Nancy Dallavalle writes in her chapter on Feminist Theologies, “At the outset, then, we must state clearly that Karl Rahner was not a feminist (indeed, not even an “anonymous” one)” (p. 264). In the conclusion of that same chapter she remarks, “Feminist theologians… have every reason to turn more deeply toward his work for the needs of a world Church that will be liberating for both women and men” (p. 276). Dallavalle’s observations express the general tenor of this helpful text for understanding the major themes and the ongoing significance of Rahner’s theology.
The editors bring together some of the best current theological minds to explain Rahner’s thought, his philosophical presuppositions and engage his Twentieth Century mind in Twenty-First Century concerns. In “retrospect and prospect” the text raises the question of a future for Rahnerian theology and concludes with the Jesuit’s near final reflections with “Experiences of a Catholic Theologian.”
Marmion and Hines introduce the volume by locating Rahner as a “Modern” theologian whose works must now be examined in a “Post-Modern” light. A brief sketch of his life and the emphasis on the Jesuit Rahner help the reader appreciate the theologian’s self-understanding as “pastoral theologian.” As in Marmion’s text A Spirituality of Everyday Faith the reader comes to appreciate the influence of Ignatius on Rahner’s life and thought. The editors write, “The Spiritual Exercises begin with the subjectivity of the human person and it can be argued that this theological insight is at least as important to Rahner’s starting point as is the influence of the German philosophers” (p. 5).
The text unfolds nicely exploring the graced nature of human existence reflected in the interplay between theology and spirituality. The “theological investigations” include well written considerations on method, Trinity, Christology and other important themes. Each author and chapter assesses the particular strengths and limitations of Rahner’s perspective. This section of the text could offer a sound introduction to the major themes of Foundations of Christian Faith. Various selective quotations from Rahner might remind the reader why they were attracted to his theology in the first place. Writing on “Ecclesiology and Ecumenism” Richard Lennan takes a quotation for Theological Investigations where Rahner describes the Church as a “spacious house with large windows from which one looks out on all spheres of humanity, all of which are encompassed by the creative power of God” (p. 141).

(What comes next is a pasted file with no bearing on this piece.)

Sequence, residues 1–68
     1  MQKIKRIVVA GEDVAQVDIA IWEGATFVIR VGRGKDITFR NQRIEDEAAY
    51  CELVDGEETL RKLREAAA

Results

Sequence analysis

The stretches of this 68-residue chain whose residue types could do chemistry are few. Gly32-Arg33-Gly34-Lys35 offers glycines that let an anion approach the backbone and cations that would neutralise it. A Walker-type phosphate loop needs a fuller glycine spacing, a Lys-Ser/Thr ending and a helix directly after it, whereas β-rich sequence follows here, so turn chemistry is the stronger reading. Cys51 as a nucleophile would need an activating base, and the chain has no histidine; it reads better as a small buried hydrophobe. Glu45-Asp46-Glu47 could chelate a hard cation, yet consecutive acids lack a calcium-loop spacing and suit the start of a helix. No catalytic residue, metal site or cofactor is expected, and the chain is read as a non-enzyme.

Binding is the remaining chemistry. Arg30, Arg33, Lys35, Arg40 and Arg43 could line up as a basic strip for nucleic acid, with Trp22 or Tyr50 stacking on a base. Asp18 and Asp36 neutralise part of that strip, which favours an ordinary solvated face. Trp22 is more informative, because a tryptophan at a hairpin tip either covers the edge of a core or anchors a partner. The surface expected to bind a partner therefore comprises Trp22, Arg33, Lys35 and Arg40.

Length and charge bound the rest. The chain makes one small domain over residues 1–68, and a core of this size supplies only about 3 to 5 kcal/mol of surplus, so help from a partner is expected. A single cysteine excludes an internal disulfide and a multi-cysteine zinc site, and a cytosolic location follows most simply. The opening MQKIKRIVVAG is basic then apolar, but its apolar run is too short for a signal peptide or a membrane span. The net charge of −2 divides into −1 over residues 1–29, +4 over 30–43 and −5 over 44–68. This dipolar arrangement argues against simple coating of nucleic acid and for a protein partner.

Maintaining a balance with the above section, the editors offer six articles as “Conversations Ongoing.” While four of the chapters would readily engage any reader that has made it thus far through the text, the first two in this section present a real challenge. One could say that Michael Purcell’s chapter on modernity and post-modernity is “difficult at best.” While the author evidences a solid handle on the philosophical and theological issues the reader may find him or herself in deeper than what they anticipated. Nicholas Adams' exploration of Rahner and Twentieth Century Protestant theology could perhaps offer a wider perspective. While the reader can appreciate the appropriateness of his focus on George Lindbeck’s reading of Rahner one can rightly suspect that something more could be said. The other chapters in this section read well and help the reader appreciate the cultural context of Rahner’s work along with the limitations of every moment in history.
When the editors write that they hope “to introduce Karl Rahner to students of theology for whom he has not been a formative influence” (p. 1) one might rightly wonder, “who?” Evident throughout this text is Rahner’s both very explicit as well as anonymously implicit influence in both appropriation and critique for past and future decades. Just as Rahner brought Ignatius to bear on a “Jesuit today” so every student of Catholic theology, as well as other traditions, will have to wonder what Rahner might say to a theologian of their day.